- Upon Publisher’s request, the Author agrees to furnish promptly to Publisher, at the Author’s own expense, written evidence of the permissions, licenses, and consents for use of third-party material included within the Work, except as determined by Publisher to be covered by the principles of Fair Use.
- The Author represents and warrants that:
- the Work is the Author’s original work;
- the Author has not transferred, and will not transfer, exclusive rights in the Work to any third party;
- the Work is not pending review or under consideration by another publisher;
- the Work has not previously been published;
- the Work contains no misrepresentation or infringement of the Work or property of other authors or third parties; and
- the Work contains no libel, invasion of privacy, or other unlawful matter.
- The Author agrees to indemnify and hold Publisher harmless from the Author’s breach of the representations and warranties contained in Paragraph 6 above, as well as any claim or proceeding relating to Publisher’s use and publication of any content contained in the Work, including third-party content.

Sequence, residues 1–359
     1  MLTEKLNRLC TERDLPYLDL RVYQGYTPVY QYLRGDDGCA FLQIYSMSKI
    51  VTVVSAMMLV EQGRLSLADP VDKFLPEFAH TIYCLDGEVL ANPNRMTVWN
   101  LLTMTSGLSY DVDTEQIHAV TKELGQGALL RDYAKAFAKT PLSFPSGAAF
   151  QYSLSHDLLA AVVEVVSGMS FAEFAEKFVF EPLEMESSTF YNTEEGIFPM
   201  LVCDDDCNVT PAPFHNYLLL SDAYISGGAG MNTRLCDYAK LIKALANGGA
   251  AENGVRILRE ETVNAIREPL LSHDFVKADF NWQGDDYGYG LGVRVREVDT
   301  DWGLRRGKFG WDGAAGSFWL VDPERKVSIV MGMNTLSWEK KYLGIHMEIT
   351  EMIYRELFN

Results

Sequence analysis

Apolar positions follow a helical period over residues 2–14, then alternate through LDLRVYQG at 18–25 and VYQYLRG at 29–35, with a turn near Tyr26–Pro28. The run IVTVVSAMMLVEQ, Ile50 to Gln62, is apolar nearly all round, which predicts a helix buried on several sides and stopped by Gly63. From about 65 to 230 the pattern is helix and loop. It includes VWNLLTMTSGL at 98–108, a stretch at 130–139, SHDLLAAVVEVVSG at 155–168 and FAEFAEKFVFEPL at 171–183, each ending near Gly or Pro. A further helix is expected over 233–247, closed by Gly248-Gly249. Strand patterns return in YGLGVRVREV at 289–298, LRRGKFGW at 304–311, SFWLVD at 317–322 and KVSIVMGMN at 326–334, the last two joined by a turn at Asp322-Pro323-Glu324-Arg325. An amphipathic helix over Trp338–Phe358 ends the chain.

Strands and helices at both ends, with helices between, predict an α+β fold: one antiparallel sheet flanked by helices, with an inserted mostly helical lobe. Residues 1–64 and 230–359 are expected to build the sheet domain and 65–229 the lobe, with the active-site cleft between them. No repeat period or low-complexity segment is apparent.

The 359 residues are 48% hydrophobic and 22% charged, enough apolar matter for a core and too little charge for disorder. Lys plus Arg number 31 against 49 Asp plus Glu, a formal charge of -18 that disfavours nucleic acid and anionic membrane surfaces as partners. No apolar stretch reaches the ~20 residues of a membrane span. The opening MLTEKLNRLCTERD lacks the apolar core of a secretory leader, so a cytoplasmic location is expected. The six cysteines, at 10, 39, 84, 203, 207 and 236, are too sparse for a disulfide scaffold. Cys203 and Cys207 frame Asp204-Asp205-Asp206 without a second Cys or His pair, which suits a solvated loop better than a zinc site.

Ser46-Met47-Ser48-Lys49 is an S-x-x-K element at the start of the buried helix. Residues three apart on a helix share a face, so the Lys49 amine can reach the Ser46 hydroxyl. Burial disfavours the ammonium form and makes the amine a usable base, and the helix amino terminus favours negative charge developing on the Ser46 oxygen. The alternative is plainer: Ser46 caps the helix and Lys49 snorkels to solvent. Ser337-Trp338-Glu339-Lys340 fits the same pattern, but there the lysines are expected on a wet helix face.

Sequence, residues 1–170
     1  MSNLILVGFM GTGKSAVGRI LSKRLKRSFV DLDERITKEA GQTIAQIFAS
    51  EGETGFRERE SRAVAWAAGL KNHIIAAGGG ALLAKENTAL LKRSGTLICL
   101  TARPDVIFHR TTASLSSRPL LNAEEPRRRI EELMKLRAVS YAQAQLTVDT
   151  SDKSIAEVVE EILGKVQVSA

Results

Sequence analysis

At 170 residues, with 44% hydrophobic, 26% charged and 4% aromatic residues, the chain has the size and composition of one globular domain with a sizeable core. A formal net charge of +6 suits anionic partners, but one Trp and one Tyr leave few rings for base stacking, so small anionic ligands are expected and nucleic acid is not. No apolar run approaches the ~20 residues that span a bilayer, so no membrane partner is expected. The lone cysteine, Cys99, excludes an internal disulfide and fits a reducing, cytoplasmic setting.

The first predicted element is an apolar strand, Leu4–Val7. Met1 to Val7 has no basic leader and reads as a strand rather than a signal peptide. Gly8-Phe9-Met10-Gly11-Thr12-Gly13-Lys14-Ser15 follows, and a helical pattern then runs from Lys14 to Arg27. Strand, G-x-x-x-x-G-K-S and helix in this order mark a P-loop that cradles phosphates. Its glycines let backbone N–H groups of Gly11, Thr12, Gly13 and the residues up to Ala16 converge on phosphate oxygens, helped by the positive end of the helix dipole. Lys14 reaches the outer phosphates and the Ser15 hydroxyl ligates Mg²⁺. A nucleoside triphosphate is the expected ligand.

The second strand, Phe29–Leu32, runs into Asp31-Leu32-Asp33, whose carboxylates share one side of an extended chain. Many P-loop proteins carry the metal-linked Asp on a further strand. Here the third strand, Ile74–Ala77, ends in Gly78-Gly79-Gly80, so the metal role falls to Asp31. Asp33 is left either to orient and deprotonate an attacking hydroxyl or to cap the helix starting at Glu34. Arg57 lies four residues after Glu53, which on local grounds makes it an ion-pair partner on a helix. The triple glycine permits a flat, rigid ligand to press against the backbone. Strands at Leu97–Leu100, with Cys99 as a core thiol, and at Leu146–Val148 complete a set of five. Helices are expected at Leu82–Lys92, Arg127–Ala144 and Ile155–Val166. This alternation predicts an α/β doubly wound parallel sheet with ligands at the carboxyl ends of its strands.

Enforcement of copyright
The IJMS takes the protection of copyright very seriously.
If the IJMS discovers that you have used its copyright materials in contravention of the license above, the IJMS may bring legal proceedings against you seeking reparation and an injunction to stop you using those materials. You could also be ordered to pay legal costs.
If you become aware of any use of the IJMS' copyright materials that contravenes or may contravene the license above, please report this by email to email@example.com
If you become aware of any material on the website that you believe infringes your or any other person's copyright, please report this by email to firstname.lastname@example.org